I’m so delighted to have an old blogging friend here today! Please welcome Julie from richardsonshine. Julie and I have known each other for awhile now. Her blog is a place that I often visit for design inspiration (and pics of her adorable children). I think you’re going to love her. She has a great tutorial for us today!
Hello, Southern Institute readers! When Jenny and I first “met” through our blogs, I think we quickly realized we liked or enjoyed many of the same things: fun fashion, sewing projects, etc., but most of all, putting family first. It’s been fun to follow Jenny at The Southern Institute and get to know her darling family.
Now…I’m sure you’ve noticed the world’s ombre craze. Yes, of course you have! From clothing and accessories to shower curtains, furniture, walls, wedding cakes and even hair (!), the fashion, craft, and design world is eating it up. Well I decided my boy needed an ombre tie. Or two.
After searching far and wide for easy little boy tie tutorials, this one by Sharing the Wealth is my favorite. She mentions the sizing is best for 1.5-2 yr olds, but I think it’d be just fine for a 3 or 4 yr old as well. My son just turned five and it’s short for him, but we made it work!
So. Before you read on, go download the tie pattern here.
There are two ways to create this ombre tie:
1) sew the tie first, then dip in the dye, OR,
2) dip the unsewn tie pieces first, then sew the tie together afterwards.
We’re doing the latter method, but remember I’m dyeing two ties here, not just one. If you’re a bit nervous about dyeing fabric, start with just one color and one tie.
and buckets or large bowls.
Depending on how concentrated your dye is, you may want to use more than one bucket or bowl. The yellow wasn’t too dark, so I kept it to half a bottle of dye in one bowl of water. The navy blue (which turned out slightly purple) was super dark, so I poured some into smaller bowls, diluting the dye more and more each time. It just takes some experimenting!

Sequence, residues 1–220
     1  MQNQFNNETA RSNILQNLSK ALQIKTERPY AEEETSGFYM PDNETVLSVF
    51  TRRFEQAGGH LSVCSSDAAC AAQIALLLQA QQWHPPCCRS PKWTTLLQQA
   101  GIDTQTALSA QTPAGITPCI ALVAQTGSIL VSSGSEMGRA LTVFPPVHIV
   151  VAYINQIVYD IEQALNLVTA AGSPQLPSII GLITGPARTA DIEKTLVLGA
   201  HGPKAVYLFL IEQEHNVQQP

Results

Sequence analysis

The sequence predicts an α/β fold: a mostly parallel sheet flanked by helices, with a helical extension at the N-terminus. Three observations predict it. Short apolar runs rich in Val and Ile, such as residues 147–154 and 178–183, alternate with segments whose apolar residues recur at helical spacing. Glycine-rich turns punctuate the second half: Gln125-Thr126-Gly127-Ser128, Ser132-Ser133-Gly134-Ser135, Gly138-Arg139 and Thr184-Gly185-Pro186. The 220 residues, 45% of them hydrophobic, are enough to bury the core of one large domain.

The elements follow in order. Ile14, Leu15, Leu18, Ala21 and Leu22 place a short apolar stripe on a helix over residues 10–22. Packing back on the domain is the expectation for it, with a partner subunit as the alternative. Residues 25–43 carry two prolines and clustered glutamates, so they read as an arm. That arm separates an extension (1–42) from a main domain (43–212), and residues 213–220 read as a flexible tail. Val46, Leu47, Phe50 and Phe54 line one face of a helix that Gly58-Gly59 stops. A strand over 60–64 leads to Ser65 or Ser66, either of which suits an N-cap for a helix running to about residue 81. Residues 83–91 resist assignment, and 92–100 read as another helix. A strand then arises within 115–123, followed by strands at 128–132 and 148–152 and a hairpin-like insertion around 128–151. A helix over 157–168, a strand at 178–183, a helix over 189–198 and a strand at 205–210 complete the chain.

All right, wet your fabric before you dip.
Taking the top of your tie pieces, dip them in your dye very quickly, as far up as you’d like the color to go.
Then dip again, submerging less of the tie in the dye.
Then dip again, submerging even less of the tie.
You get the idea…
Eventually, you’ll get to the bottom of your tie pieces! The tips will have already been dyed longer than the rest of the tie, but hold the tips in the dye for a bit longer anyway – maybe just 30 seconds or a minute.
I’m not exact around here, and this dyeing literally took seconds!
Now this is where you might want to have more bowls with diluted dye. The blue color was so dark and the dye was so concentrated, it was basically like tie-dyeing the fabric (no pun intended), and was NOT the look I was going for.
So, divide the one bowl of dye into two or three others and dilute them with more water, and dip your tie pieces in the MOST diluted or least concentrated bowl of dye first. Submerge the fabric as high as you’d like the lightest shade of color to go. Then submerge not quite as high in the next bowl.
Then submerge again…
You get it, right?
Hold the tips in for a bit longer…
…then rinse and hang them up to dry!
You can see my first attempt (far right) where the dye was way too concentrated. Once I divided and diluted the dye it was easier to get the ombre effect (far left). That yellow tie is just hanging out in the middle, cheerful and happy. He was the easy one.